if ask -y "really remove $n files"
	    rm -f "$allfiles"

    Just copy the following code into your script to use the

	ask() {
	  # ask a question with a yes/no answer;
	  # Usage: ask [-y|-n] "question"
	  # Set default: -y = yes; -n = no; otherwise no default;
	  # Returns: 0 (true) = yes; 1 (false) = no;
	  # Note: changing the default does not effect the return value;
	  # process options/args
	  for ASK_OPT do
		case "$ASK_OPT" in
		  -[yY]*) ASK_DFLT='y' ;;
		  -[nN]*) ASK_DFLT='n' ;;
		  --) shift; break ;;
		  -*) ;;
		  *) break

	  # get the response
	  while : ; do
		echon "$ASK_PROMPT (y/n)?${ASK_DFLT:+ [$ASK_DFLT]} " >&2


		case "$ASK_ANSWER" in
			return 0
			return 1
			echo "" >&2


    [Thanks to Daniel E. Singer <> for providing
    the "ask()" function]

>> Q&A: How can I search for text in all subdirectories?

    The "grep" command searches for a pattern in all specified
    files, e.g.

    	grep "unix" *.txt

    But how can we search the string in all files of the current
    directory and all subdirectories?

    The "find" command can be used to recurse into all
    subdirectories, and the following line shows us how to
    invoke the "grep" command for each file:

    	find . -type f -exec grep "unix" {} \;

    The curly braces {} will be replaced with the current file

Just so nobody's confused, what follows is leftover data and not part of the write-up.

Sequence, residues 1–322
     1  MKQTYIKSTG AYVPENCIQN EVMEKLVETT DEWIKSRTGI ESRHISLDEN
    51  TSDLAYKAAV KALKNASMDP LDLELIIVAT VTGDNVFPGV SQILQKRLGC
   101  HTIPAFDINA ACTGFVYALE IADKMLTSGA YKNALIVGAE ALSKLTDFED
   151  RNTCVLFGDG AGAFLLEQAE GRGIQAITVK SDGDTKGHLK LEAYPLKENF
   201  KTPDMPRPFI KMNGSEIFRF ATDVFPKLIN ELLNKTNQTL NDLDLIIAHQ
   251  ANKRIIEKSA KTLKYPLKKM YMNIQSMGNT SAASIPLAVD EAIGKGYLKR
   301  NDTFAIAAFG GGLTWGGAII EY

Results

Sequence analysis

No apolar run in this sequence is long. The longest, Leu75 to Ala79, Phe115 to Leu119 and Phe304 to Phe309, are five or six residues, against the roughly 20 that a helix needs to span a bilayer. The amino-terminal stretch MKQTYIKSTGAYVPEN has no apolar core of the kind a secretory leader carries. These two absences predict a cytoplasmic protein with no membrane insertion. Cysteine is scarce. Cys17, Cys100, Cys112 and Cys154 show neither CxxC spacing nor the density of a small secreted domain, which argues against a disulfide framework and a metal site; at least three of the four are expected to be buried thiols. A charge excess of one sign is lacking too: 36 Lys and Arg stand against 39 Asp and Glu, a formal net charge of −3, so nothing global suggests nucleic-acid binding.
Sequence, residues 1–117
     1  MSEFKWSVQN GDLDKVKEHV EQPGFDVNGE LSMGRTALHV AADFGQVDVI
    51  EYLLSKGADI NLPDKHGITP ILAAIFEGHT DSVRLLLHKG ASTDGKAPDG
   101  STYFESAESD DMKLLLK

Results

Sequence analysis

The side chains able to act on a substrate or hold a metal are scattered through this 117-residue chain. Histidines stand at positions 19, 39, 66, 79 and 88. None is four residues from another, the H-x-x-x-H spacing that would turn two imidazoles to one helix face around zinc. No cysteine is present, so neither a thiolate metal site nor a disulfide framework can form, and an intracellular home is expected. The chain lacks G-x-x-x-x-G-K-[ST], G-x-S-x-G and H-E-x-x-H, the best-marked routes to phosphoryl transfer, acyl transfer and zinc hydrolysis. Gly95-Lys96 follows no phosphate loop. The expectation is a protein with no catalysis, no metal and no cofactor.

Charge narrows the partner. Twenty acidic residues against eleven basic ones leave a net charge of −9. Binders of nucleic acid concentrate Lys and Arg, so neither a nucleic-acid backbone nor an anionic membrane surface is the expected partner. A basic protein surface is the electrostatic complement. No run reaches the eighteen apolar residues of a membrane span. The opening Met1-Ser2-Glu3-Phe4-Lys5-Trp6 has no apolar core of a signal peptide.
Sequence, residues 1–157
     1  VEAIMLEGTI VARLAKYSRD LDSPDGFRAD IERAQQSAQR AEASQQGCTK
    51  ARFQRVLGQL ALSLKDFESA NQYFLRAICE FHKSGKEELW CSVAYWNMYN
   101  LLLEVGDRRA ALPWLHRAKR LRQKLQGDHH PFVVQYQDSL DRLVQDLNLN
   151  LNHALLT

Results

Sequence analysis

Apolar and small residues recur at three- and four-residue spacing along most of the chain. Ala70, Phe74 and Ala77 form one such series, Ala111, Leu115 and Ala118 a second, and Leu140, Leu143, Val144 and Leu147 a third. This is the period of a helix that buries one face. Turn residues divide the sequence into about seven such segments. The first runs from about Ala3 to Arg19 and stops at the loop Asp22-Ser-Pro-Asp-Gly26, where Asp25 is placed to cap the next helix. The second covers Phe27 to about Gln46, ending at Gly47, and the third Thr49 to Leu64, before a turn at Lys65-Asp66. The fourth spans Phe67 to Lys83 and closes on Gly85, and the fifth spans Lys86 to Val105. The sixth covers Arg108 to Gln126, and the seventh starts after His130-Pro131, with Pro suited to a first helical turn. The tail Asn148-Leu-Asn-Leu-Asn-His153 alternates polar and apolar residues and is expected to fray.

name. Unfortunately this will cause one "grep" invocation
    for each file, resulting in a very slow execution. Most
    systems have the "xargs" command we can use to speed up
    the command considerably:

    	find . -type f -print | xargs grep "unix"

>> Q&A: How can I use arguments with KornShell aliases?

    CSH users often write small one-line "aliases" for frequently
    entered commands, e.g. "alias ll ls -l". The KornShell knows
    aliases, too, but there is no way to access the arguments
    to the alias. The following alias will not work as expected:

    	$ alias makebackup="cp $1 $1.bak"
	$ makebackup testfile

    To solve this problem, shell functions should be used
    instead of aliases:

    	makebackup () { cp "$1" "$1".bak; }

	function makebackup { cp "$1" "$1".bak; }

    The first version works with Bourne Shell, KornShell,
    and BASH. The second syntax requires KornShell or BASH.

    If you include one of these lines in the file $HOME/.profile,
    the command "mkbackup" can be used like a standard command.

>> Programmer's Playground: KornShell FTP Library

    The "Programmer's Playground" features advanced shell
    scripting topics.

    Scripts are frequently used to automate file transfers,
    e.g. using the external "ftp" program:

    	ftp -i -v targethost <<EOF
	put file.tar /tmp

    (This example assumes a $HOME/.netrc file with authentication
    information for the host "targethost").

    One disadvantage of this solution is the error checking:
    only the exit code of the "ftp" command (or the analysis
    of a log file) can tell us if the transfer was successful.

    The KornShell FTP library (ftplib.ksh) provides FTP functions
    like ftp_login, ftp_put, ftp_get, ... and allows for a
    better errors handling:

    	#! /usr/bin/ksh
	. ftplib.ksh		# include library
	ftplib			# initialize it
	if ftp_open targethost
	    ftp_login anonymous geheim || echo "$ftp_response"
	    ftp_put file.tar /tmp || echo "$ftp_response"

    Note that the library is only a case study and cannot be
    used for serious programming (yet). Interested readers
    can download it from the following location: